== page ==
Pipe organ the pride and joy of Faith Lutheran - Carthage, MO - Carthage Press:
Although delivery of the two-story Bosch Pipe Organ was made to the Carthage church last September and fine tuning continues to take place, excitement over the new addition has yet to fade.
“There are 1,300 pipes and each pipe has to be individually voiced with a couple of adjustments,” the Rev. Buelow said. “The man making the adjustments was called back to his electrical engineering job at Michigan State University, so he comes back when he can.”
Very few people are qualified to do the fine tuning.
“Up until the end of the 19th century, a pipe organ like this was the most advanced piece of engineering that man had invented,” Buelow said. “When you think about all these connections and interwoven pieces, it is just an engineering marvel.”
Sarah Buelow, who serves as the church organist, agrees.
“It is like having a live orchestra instead of just an electronic one like we have had,” she said. “The pipe organ is much more inspiring. It is like getting live feedback, whereas with the electronic organ I don’t get any feedback and don’t know what my audience is hearing. I can hear the pipes talking to me.”
She added that while most churches are going away from organs, there has been a bit of a renaissance with pipe organs.
“We have suggested that the Carthage Chamber of Commerce put this on its list of local destinations because as a tracker organ this is unique,” she said.
Faith Lutheran bought the organ from Redeemer Lutheran Church in Flint, Mich.
To say the Buelows were overjoyed at getting such a musical marvel would be a huge understatement.
“The pastor at that Michigan church said the organ had been on their insurance policy for $750,000 and all we had to pay was $25,000 for the organ and $25,000 to have it moved and installed,” the Rev. Buelow said.
The organ was made in Kassel, Germany, in 1971 and bought directly from that site by Redeemer Lutheran parishioners, who were looking for the best quality German-made organ they could find.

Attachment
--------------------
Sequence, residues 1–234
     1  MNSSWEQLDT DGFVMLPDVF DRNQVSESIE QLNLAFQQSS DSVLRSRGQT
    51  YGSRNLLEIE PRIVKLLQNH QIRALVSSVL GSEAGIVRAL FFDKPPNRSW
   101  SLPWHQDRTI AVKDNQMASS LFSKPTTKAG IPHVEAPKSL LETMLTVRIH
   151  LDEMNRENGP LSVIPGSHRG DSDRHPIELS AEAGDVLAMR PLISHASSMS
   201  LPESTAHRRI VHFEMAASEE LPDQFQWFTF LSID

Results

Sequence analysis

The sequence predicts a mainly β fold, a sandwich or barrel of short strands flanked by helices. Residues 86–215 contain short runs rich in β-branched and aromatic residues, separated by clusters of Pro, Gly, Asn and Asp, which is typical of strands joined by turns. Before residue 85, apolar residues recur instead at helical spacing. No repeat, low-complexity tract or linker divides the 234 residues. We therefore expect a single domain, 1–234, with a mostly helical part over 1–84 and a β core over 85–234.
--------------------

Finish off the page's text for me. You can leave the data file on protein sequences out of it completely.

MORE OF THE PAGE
“Organs can last 300-plus years and this one is only about 40 years old,” Buelow said. “When you combine this engineering marvel of all of these wonderful things that God gave us in creation and the agility that God gave the human mind, you have something to give praise back to God.”
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raklatt (http://raklatt.myopenid.com/) has left a new comment on your post "Pipe organ the pride and joy of Faith Lutheran - C...":
The biggest concern might be the difference in climate between Flint, MI, and Carthage, MO. Once the tracker mechanism adjusts to the differences and the fellow from MSU finishes tweaking, Faith should have a fine instrument.
Trackers do give feedback to the organist though they may require a bit more effort than electrical keyboard systems. Pushing down a key operates the mechanical linkage that opens the valve at the foot of a pipe along with others if couplers are in use. The leverage of the linkage is such that some strength is required.
The system is very similar to that which must have been in use in Luther's time.
A good organ is the best instrument to lead a congregation in song.
GJ - Yes, an organ is ideal for the support of hymns. That is why the Emergents want a rock band instead. An organist must have talent, training, and experience. A rock band just makes noise with percussion instruments. My college students conceded that orchestra musicians can play rock - and some do. But very few rock stars would last five minutes in an orchestra. To demonstrate, I screamed and did a loud TWANG on my air guitar. I said, "How much talent does that take?" The students loved it and asked for a repeat.
Next week I had Mr. Bose play them Pachebel's Canon. They were transfixed and wrote down the name of the piece.